Netflix released Okja in June, and there were immediate ramifications. Headlines sprung up all over the place claiming (keyword, claiming) that throngs of people were going vegan after watching the friendly CGI super pig. And it seems as though Netflix is continuing to promote the rethinking of a meat diet with their latest release of the documentary – What The Health.
However, there’s just one problem. It turns out that claims in Netflix’s pro-vegan documentary What The Health are mostly grounded on invalid research. An investigative report by Tonic reveals that the health claims the movie makes nearly all stem from bad science.
The reason why the claims are invalid is their basis on epidemiological research. This questionnaire-style research generates hypotheses that scientists later research with valid scientific methods. Epidemiological research can only prove association, not causation, so while it indicates possibilities, it’s not an affirmative truth.
Furthermore, clinical trial studies utilized to justify claims did not study enough subjects. Generally, you want large samples for these experiments to best find conclusions. Most of the studies What The Health uses only have one or two test subjects, meaning their evidence is scientifically inconclusive.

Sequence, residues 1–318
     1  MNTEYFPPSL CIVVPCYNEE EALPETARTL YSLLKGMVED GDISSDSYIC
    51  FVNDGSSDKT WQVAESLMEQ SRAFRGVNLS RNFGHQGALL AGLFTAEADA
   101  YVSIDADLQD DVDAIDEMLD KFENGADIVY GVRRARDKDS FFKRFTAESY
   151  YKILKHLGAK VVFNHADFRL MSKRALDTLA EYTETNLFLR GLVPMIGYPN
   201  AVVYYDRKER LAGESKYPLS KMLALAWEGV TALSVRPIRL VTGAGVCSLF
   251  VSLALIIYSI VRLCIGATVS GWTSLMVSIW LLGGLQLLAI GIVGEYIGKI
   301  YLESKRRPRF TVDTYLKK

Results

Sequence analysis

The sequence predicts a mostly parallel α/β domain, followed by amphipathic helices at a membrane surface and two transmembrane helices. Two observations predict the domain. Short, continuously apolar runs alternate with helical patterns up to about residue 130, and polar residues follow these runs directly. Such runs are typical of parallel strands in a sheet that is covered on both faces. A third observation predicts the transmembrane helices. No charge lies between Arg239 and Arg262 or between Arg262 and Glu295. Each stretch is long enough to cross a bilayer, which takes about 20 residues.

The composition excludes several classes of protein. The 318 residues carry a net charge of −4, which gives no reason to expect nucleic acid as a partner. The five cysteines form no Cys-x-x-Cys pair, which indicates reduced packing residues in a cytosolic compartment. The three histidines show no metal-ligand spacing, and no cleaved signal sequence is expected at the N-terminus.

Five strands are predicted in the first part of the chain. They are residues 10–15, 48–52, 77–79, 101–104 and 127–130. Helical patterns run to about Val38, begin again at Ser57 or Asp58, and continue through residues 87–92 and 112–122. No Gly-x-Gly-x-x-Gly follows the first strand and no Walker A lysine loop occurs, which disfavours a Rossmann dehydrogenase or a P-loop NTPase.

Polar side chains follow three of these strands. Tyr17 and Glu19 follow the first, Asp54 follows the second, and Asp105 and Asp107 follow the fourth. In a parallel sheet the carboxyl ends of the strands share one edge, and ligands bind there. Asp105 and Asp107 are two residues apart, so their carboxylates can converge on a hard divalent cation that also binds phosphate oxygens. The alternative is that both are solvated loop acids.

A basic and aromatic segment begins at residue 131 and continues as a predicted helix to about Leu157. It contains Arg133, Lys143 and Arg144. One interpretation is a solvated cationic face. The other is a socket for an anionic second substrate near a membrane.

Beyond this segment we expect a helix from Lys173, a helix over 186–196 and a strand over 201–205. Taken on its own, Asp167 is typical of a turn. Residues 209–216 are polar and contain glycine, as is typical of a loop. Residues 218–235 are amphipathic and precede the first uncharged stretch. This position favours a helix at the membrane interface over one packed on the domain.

Subsequently, Tonic found that 96% of the film’s data could not validly support health claims made in the film. That’s, quite frankly, absurd. In fact, this sort of fear mongering has also led to numerous viewers being coerced to go vegan.
Statements such as ‘drinking milk causes cancer’ or ‘eating processed meat is as bad as smoking’ not only are based on selective use of information, but also confuse viewers as nutritional science isn’t definitive. What The Health reads as more of a conspiracy theory and less of an educational experience.
While I’m all for an increase in information on eating healthy, what I can’t stand for is a manipulation of the facts that don’t actually educate the viewer and instead indulges in fear mongering to promote an agenda. Hell, I’m not going to stop eating bacon based on a documentary that may be only 4% valid – and you can fight me on that!